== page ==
Last week I had the honour of chairing in Westminster the second annual Stafford schools debating competition. The standard was excellent, and I pay tribute to Councillor Carolyn Trowbridge and Sam Phillips for their work in organising the competition. What is the Department doing to encourage public speaking and debate in schools across the country?
I join my hon. Friend in commending his constituents who organised this great event. It is true that public speaking, debating and other such activities are really important for developing a rounded young person—the character development that we all want to see. Members of Parliament can also play an important role in this, and many run their own events.
Yes, and I look forward to visiting the constituency of the hon. Member for Stafford (Jeremy Lefroy)—I think in his company—very soon. I imagine that his constituents will roll out the red carpet for him; he will be pleased to know that they certainly will not be expected to do so for me.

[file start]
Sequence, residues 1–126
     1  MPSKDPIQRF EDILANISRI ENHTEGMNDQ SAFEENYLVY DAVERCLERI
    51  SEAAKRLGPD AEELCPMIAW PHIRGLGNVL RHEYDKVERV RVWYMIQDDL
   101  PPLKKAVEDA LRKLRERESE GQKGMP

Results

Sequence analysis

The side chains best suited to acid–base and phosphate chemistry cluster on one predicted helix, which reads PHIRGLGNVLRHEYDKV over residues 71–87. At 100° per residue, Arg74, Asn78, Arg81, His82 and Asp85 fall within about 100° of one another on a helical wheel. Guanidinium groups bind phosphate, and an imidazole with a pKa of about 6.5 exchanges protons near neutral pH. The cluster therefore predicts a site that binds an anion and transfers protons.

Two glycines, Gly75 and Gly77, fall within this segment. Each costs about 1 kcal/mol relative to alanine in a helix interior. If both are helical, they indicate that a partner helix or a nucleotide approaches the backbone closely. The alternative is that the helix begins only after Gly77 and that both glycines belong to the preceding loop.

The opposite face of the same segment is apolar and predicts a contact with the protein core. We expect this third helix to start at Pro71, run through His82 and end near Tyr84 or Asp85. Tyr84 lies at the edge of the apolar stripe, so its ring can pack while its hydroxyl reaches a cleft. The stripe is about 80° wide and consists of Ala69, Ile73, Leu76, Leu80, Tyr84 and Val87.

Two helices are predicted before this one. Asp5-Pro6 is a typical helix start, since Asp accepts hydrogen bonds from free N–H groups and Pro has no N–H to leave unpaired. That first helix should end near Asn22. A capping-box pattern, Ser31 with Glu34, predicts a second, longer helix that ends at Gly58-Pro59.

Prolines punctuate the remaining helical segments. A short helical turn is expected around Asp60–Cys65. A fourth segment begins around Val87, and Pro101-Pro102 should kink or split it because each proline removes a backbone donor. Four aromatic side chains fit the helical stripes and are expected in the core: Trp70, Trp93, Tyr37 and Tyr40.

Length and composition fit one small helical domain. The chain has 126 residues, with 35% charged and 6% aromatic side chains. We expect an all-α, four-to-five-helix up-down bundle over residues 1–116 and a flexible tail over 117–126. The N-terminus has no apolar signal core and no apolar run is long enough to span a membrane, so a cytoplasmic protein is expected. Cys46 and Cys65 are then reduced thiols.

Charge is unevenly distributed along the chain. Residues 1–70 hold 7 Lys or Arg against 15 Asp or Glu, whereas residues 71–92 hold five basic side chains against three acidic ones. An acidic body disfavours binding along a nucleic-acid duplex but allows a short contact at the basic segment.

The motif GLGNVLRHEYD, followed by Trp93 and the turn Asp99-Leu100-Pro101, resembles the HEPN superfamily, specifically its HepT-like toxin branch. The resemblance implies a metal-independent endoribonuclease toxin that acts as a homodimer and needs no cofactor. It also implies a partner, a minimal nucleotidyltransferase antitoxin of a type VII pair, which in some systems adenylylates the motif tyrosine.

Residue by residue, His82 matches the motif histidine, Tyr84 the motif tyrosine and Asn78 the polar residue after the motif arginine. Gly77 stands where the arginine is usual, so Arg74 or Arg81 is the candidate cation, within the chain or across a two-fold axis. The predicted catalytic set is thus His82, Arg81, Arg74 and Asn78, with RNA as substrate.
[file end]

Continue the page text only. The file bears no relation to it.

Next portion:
Did the abolition of the education maintenance allowance contribute to or hinder social mobility?
With the alternative funding that was put in place, it was possible for sixth-form colleges to do other things to ensure that they were attracting the full range of students. More disadvantaged youngsters are going on to university than ever before.
Last week I opened the extension to the Knowle West children’s centre. The previous week the local further education college, City of Bristol College, hosted my apprenticeships fair. Both sectors are telling me that they are desperately short of funding due to cuts. What assessment do the Government make of children’s outcomes as a result of the current funding cuts?